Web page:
San Francisco has been a magnet for plotters, spooks and spies since its earliest days. Consider John C. Fremont: Was he secretly playing the Polk administration's trump card when he paddled across the Golden Gate in 1846 and claimed San Francisco for the U.S.-backed Bear Flag putsch? Or was Fremont just a hard-drinking lone nut? Scholars still debate the point 150 years later. What is certain is that conspiracy -- in all its forms -- has as much to do with the history of the Bay Area as liquor and gold. Chalk it up to the city's free-wheelin' Barbary Coast adolescence: San Francisco continues to thrive at the point on the horizon where the nefarious tendrils of conspiracy converge, where they bury the bodies, shred the documents and plan their next subterranean move.
Who are they? You have to ask the investigators, the latter-day Cassandras willing to spend their lives peeling the onion, cracking the codes and reading between the lines. In their world, the distinction between paranoid delusion and speculative history is academic. Spend enough time in this netherworld, poring over declassified documents for that nugget that will explain the world's mysteries, and see if you don't wake up changed one morning. Sometimes the price of this passion is public ridicule, sometimes a broken marriage. You could even pay for your curiosity with your life.
What is a conspiracy? And why has it become such common currency in fin de-sicle America? The standard definition of conspiracy is a secret plan shared by two or more people conniving together toward a common goal. The payoff is usually morally questionable (in legal patois, a conspiracy must result in an illegal act), but the keystone to conspiracy is secrecy. Whether you're talking about the slippery 1963 Dallas coup d'tat or the very real Iran-contra scandal, conspiracy is a beast best bred in the dark. And as we lumber into the information age, the crepuscular disclosures of the conspiracy theorist can seem like words from the burning bush -- each new take on history, real or imagined, offering those in the know something resembling insight.
Besides, conspiracy can be a gas. A few beers, a nod and a wink, and any room full of cynics can become a veritable cabalistic think tank; especially in San Francisco, where conspiracy grumbles just beneath the surface like a tectonic plate.
Here, then, is a collection of the Bay Area's 10 best conspiracies, real and surreal tales of secret deception, government cover-ups and covert cabals as sordid and murky as the gray waters of the bay.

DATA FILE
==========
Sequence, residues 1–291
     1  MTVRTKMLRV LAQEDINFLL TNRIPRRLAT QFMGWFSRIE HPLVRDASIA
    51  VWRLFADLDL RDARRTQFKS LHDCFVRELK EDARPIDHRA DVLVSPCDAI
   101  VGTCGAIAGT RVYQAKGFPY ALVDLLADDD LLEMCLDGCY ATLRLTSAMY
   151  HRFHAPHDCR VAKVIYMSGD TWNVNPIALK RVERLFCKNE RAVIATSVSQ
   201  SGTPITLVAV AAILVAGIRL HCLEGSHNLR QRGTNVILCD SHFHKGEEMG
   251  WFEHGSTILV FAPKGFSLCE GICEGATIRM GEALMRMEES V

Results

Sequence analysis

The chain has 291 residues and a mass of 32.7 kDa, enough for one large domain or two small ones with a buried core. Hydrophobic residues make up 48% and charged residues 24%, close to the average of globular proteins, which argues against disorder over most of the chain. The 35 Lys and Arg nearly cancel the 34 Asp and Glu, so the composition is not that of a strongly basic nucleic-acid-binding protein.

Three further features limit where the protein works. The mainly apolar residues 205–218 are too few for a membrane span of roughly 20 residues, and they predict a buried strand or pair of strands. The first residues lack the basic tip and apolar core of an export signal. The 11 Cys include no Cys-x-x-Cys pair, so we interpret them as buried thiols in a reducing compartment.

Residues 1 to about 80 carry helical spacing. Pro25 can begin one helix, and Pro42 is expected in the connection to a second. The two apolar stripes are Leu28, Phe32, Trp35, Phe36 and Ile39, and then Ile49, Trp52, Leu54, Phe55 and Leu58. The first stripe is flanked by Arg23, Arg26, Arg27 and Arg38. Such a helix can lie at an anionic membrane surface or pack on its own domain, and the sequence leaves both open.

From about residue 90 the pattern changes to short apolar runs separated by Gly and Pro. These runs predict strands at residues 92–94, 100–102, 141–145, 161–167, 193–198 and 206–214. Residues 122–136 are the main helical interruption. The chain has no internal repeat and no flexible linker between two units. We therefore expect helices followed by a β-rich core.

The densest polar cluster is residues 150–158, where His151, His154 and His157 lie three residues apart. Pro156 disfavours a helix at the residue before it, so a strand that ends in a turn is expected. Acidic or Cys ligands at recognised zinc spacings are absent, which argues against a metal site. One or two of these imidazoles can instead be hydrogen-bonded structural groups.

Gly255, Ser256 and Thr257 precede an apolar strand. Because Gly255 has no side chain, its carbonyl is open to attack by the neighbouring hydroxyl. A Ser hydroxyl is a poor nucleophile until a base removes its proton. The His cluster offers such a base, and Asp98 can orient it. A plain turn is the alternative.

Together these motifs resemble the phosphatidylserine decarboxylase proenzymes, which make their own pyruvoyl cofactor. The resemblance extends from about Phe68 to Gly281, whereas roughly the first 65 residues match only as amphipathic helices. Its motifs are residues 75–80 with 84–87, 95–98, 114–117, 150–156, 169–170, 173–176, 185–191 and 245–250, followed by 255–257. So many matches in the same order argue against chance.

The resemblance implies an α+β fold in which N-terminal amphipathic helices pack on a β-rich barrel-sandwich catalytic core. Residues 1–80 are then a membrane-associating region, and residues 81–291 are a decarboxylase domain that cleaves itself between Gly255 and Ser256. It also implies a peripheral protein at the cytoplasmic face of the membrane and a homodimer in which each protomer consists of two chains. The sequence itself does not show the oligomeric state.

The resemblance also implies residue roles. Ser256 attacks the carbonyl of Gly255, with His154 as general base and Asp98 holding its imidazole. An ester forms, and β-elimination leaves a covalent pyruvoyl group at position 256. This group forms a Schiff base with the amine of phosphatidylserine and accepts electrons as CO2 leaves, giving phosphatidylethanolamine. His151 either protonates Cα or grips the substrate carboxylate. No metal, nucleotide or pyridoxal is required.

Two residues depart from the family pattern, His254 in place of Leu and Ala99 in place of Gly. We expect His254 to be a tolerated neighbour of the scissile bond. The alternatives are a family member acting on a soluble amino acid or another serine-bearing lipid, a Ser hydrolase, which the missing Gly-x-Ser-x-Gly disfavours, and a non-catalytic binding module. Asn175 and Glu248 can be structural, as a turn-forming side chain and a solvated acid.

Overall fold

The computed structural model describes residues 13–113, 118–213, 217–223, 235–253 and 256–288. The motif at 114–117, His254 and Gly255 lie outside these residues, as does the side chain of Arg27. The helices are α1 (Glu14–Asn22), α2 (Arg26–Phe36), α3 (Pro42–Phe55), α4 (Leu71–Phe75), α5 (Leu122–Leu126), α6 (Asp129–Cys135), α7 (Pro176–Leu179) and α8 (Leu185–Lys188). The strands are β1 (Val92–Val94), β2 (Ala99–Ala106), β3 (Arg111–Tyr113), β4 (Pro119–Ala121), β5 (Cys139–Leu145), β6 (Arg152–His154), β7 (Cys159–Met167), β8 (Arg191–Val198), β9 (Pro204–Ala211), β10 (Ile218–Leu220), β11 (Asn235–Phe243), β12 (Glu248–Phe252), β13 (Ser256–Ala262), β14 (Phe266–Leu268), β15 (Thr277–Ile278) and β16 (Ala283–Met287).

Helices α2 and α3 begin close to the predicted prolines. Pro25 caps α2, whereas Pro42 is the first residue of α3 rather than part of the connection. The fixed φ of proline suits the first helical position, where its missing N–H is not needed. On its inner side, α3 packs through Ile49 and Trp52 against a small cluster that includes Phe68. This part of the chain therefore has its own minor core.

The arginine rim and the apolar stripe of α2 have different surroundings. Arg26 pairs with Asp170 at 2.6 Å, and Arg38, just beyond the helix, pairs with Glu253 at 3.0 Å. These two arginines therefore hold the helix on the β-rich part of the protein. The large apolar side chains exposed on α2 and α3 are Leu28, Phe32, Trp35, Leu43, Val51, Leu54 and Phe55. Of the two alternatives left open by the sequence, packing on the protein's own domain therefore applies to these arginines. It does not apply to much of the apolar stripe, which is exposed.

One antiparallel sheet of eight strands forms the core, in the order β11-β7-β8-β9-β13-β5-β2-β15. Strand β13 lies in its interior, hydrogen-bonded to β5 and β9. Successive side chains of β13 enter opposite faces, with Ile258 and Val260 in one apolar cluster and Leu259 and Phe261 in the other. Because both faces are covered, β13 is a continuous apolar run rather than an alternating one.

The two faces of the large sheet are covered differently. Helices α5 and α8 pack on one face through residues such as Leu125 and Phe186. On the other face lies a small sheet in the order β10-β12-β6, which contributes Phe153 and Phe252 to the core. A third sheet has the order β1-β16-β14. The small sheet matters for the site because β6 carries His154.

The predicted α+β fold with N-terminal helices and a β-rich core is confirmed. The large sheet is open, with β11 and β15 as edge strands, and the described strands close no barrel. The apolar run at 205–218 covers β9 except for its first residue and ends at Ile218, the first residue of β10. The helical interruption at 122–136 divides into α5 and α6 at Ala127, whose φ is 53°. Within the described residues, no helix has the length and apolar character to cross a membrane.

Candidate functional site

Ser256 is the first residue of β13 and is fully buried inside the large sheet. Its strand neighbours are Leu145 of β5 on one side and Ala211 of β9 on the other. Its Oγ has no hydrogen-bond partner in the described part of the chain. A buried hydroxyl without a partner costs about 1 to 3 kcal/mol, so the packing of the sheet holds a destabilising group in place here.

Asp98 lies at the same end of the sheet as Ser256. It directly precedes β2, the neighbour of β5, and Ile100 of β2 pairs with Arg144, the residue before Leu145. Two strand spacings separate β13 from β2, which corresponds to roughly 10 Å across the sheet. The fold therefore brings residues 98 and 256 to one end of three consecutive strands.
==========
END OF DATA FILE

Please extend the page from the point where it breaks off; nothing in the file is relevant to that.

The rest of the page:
Uncle Sam's Acid House
You may shrug when conspiracy theorists claim the U.S. government is concealing evidence of space aliens among us. You may wince when the cocktail chatter turns to the satanic plot to implant subcutaneous microchip IDs in our foreheads. But you probably listen anyway, because the government does resort to some bizarre subterfuges to accomplish its questionable goals.
Take, for example, the well-documented CIA mind-control experiments conducted by the CIA in the '50s and '60s, in which the Agency spent a wad drugging innocent (and not so innocent) civilians in San Francisco.
According to John Marks' groundbreaking 1979 book, The Search for the Manchurian Candidate, the CIA believed the Chinese had successfully brainwashed POWs during the Korean War, so it launched its own mind-control program in 1953: MKULTRA. The goal of MKULTRA was to open the deepest reaches of the mind to Agency manipulation, and in addition to financing numerous psychological studies in universities, the CIA established a brothel in San Francisco where "subjects" were dosed -- without their knowledge or consent -- with pure Sandoz LSD.
In 1955, the CIA contracted George White, a hard-drinking federal Narcotics Bureau investigator, to operate a "safe house" at 225 Chestnut Street on Telegraph Hill. White decorated the posh digs to reflect the clientele he hoped to "entertain." Bawdy Victorian bondage pictures hung on the walls next to garish Toulouse-Lautrec prints; microphones were installed along with two-way mirrors and a fully stocked liquor cabinet, all at Agency expense.
The roguish White amassed a stable of call girls, each of whom he paid $100 a night for her services. He also promised to shield them from police; White was the renowned narcotics cop who busted Billie Holiday and her husband for opium possession in a Tenderloin hotel in 1949. The cops assumed the girls were helping rope in drug traffickers; nothing was further from the truth.
In reality -- or what passed for reality at the "safe house" -- the pricey prostitutes trolled the North Beach bar scene for clients; once back at the safe house, the johns were slipped an acid mickey and the fun would begin. In the interest of national security, the ensuing electric rutfest was observed by White, sitting on a portable toilet behind a two-way mirror, a pitcher of martinis at the ready.
After his retirement in 1965, White wrote a letter to MKULTRA leader Sid Gottlieb that explained his 10-year assignment in Operation Midnight Climax (as the experiment was code-named): "I was a very minor missionary, actually a heretic, but I toiled wholeheartedly in the vineyards because it was fun, fun, fun. Where else could a red-blooded American boy lie, kill, cheat, steal, rape and pillage with the sanction and blessing of the All-Highest?"
What the CIA learned from Operation Midnight Climax is open for debate. Thanks to an all-night shredding orgy in 1973, most of the CIA documents concerning MKULTRA no longer exist. But the fact remains -- a decade before the first hippies crawled out from under a rock in the Haight, the CIA was on the psychedelic scene in San Francisco, slipping whorehouse patrons acid and watching them fuck. The love may not have been free, but the drugs were great.